Africa (2)                1.5     1.5    1.4      0.9     0.7       0.7    0.6           0.5 0.9 1.0        0.5   0.6    0.5 0.4     0.4  0.3
Other Africa              2.9     2.3    2.0      2.1     2.1       2.5    1.8           1.3 1.2 1.1        0.9   0.9    0.9 1.1     0.7  0.7
ASIA                     11.7    12.3   13.4    15.3     13.6     10.4 10.2              4.0 3.5 3.8        3.4   4.2    4.2 3.5     4.8  5.3
MIDDLE EAST               3.0     3.3    3.9      3.8     3.2       2.3    2.0           2.7 2.3 2.2        1.8   2.0    1.9 1.5     1.9  1.7
INDIAN Sub Co             3.2     2.9    2.1      2.1     1.6       1.1    0.8           0.3 0.3 0.5        0.3   0.5    0.7 0.4     0.5  0.7
Hong Kong                 1.6     1.1    0.6      1.1     0.5       0.5    0.8           0.0 0.0 0.0        0.2   0.3    0.2 0.1     0.1  0.1
Japan                     2.6     3.1    5.6      7.1     7.0       5.2    5.6           0.5 0.3 0.4        0.5   0.5    0.5 0.8     1.1  1.2
Other Far East            1.4     1.8    1.2      1.2     1.3       1.3    1.1           0.5 0.5 0.6        0.6   0.9    0.4 0.3     0.3  0.8
Singapore                   -       -       -       -        -        -       -            -     -      -     -      -   0.3 2.0     0.8  0.8
OCEANIA                   1.9     1.8    1.8      1.5     0.9       0.7    0.7           1.4 0.4 0.5        0.5   0.6    0.4 0.8     0.6  0.7
Australia                  na      na    1.0      1.0     0.6       0.5    0.5            na    na    na     na    na     na    na     na  na
AMERICA                   4.6     5.2    6.5      4.9     3.6       3.0    2.6           3.4 2.8 3.0        2.5   2.7    2.5 3.3     3.1  5.2
USA                       3.4     4.0    4.7      3.6     3.0       2.3    1.8           2.4 2.1 2.2        1.9   2.0    1.9 2.7     2.5  4.3
Other America             1.3     1.2    1.8      1.2     0.5       0.7    0.8           1.0 0.7 0.8        0.6   0.7    0.6 0.6     0.6  0.9
Source: Statistics Section from Disembarkation Cards. Notes: (1) East Africa includes: Kenya, Tanzania, Uganda. (2) Botswana, Lesotho,
Swaziland, Namibia, Zambia, Malawi and Zimbabwe.




                                                                                         7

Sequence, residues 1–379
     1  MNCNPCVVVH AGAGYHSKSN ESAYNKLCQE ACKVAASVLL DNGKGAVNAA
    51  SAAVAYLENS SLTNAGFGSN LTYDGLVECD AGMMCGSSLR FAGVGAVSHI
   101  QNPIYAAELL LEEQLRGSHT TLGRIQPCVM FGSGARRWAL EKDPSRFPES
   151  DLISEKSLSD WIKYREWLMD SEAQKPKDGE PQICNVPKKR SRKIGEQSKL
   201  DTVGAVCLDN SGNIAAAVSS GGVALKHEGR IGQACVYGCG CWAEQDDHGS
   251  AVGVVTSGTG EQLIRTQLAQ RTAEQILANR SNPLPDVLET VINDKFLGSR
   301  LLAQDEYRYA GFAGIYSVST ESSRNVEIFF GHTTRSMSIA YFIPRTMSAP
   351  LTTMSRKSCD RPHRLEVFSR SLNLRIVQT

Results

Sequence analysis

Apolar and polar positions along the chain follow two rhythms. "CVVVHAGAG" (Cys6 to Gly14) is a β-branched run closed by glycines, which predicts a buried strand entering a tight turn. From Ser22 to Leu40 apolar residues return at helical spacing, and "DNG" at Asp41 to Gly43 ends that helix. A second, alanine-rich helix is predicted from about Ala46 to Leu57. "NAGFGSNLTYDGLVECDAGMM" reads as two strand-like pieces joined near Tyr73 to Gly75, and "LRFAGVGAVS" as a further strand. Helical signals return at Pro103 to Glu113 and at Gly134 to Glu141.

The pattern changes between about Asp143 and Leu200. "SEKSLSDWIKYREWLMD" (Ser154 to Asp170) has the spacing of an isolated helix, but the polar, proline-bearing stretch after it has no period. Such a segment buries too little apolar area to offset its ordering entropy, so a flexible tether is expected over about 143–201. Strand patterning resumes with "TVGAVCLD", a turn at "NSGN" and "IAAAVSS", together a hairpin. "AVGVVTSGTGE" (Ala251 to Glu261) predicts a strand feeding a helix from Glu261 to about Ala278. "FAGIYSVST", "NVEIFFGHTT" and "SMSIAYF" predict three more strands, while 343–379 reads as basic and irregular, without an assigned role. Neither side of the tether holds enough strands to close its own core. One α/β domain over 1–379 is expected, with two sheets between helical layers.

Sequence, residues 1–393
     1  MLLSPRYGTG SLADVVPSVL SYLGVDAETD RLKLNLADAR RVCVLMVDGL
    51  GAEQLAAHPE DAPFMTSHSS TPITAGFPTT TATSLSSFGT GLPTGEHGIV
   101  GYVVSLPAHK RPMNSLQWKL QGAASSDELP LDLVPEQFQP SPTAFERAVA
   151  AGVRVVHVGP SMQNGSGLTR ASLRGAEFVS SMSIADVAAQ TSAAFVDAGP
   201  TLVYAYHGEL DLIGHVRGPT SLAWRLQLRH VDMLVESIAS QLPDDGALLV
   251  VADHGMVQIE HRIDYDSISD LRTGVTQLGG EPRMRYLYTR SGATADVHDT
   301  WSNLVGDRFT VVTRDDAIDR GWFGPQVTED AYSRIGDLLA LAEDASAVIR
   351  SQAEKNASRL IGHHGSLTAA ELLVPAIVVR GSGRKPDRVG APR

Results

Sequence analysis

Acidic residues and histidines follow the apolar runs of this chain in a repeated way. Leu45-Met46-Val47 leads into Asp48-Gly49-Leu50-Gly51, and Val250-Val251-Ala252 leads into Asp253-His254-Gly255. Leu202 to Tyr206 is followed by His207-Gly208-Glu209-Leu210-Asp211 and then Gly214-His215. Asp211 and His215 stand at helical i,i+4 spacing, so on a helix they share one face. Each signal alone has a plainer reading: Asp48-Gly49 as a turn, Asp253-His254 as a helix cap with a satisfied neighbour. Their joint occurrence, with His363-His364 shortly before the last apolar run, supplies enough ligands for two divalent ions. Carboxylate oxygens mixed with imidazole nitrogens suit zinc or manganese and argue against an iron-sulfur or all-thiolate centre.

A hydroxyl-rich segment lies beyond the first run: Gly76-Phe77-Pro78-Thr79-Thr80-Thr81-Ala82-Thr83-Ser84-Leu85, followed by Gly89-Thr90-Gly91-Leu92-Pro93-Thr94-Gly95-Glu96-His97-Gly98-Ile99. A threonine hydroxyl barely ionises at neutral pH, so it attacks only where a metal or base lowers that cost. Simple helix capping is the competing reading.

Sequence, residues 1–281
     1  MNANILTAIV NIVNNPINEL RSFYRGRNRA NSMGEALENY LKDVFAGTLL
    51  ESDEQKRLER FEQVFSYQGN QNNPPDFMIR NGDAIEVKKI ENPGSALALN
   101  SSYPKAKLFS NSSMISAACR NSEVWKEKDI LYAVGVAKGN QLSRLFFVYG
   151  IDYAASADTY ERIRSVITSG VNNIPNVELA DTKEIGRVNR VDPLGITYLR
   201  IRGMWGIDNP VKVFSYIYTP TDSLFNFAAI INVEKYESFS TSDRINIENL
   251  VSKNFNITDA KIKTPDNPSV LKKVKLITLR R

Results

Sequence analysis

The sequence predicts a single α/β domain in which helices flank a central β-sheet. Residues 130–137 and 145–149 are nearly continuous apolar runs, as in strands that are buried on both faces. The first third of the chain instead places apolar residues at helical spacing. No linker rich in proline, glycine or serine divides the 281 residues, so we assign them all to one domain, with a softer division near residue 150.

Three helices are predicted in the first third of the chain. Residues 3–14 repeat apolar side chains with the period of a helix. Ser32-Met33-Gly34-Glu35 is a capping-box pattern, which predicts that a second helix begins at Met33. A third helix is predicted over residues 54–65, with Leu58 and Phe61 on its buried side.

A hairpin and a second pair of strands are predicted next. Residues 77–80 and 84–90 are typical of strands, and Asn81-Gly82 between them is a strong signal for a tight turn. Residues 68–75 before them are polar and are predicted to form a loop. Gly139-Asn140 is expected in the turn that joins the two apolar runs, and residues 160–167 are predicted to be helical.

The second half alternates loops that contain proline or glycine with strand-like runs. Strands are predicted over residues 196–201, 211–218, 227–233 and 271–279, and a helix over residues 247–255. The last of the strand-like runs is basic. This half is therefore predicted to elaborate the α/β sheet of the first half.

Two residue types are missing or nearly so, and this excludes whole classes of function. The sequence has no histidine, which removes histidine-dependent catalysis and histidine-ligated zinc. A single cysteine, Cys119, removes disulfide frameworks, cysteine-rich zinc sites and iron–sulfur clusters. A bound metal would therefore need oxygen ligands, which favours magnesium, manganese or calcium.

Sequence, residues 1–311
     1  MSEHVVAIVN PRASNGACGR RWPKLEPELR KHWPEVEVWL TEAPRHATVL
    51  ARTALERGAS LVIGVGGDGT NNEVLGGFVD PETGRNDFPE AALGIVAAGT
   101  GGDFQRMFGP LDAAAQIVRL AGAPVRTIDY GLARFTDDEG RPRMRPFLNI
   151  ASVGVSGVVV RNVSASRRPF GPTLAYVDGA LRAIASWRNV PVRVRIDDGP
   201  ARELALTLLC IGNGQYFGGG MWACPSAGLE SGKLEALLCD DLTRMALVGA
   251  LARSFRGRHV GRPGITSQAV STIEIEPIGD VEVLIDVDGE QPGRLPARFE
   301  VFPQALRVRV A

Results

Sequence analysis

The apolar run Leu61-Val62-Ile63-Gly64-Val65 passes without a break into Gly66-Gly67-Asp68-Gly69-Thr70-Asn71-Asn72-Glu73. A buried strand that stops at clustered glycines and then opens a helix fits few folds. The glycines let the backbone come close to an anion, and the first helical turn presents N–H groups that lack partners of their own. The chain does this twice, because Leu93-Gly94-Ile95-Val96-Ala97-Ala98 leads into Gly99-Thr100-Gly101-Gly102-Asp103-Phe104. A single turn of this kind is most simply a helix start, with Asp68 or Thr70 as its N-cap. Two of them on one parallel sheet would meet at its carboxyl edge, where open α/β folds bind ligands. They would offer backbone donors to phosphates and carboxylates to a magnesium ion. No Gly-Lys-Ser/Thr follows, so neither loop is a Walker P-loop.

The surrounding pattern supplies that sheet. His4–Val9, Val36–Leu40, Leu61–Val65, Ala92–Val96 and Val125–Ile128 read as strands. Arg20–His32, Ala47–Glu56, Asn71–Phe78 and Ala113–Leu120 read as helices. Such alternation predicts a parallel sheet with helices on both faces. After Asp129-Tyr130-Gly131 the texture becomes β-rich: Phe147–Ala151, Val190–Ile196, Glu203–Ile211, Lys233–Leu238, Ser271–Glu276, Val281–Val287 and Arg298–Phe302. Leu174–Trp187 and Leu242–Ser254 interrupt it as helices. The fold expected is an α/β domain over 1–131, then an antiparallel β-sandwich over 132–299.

Air Access

Until 1990 Air Seychelles, the national airline, leased two Boeing 707s for its international
routes. The acquisition in 1990 of a new Boeing 767 gave the airline a reliable service to the
major European cities and to Singapore. In March 1993, Air Seychelles acquired a second
aircraft - a Boeing 757 - under a lease-purchase scheme from International Lease Finance
Corporation of Beverly Hills, California. The deal was worth US$65 million to be paid over
seven years. The new aircraft took over the services to Singapore and Johannesburg (until
then provided by the larger Boeing 767) and also flies to Rome and Madrid. The larger
Boeing 767 concentrated on north European destinations: London, Paris, Frankfurt and
Zürich.
        In March 1995 air links between South Africa and the Seychelles improved with a new
weekly service, provided by a subsidiary of the South African Airways, Inter Air. The route
                                                                                3
chosen by the airline provided a link to the neighbouring island of Madagascar.


Air Lines          Destination                  Mid-June 1985      Mid-June 1996
                                               (Frequency/week)   (Frequency/week)
Air Seychelles     Bombay - Dubai                     -                  1
                   Frankfurt                          1                  1
                   Jeddah                             2                   -
                   Johannesburg                        -                 1
                   London                             2                   -
                   Nairobi - Madrid                    -                 1
                   Paris - London                     -                  1
                   Rome - London                       -                 1
                   Rome - Zürich                      1                  -
                   Singapore                          -                  2
                   Tel-Aviv                            -                 1
                   Zürich - Manchester                 -                 1
Air France         Mauritius                          1                  3
                   Djibuti - Paris                    2                  -
                   Jeddah - Paris                     1                   -
                   Paris                               -                 3
British Airways    Mauritius                          1                  2
                   Bahrain - London                   1                   -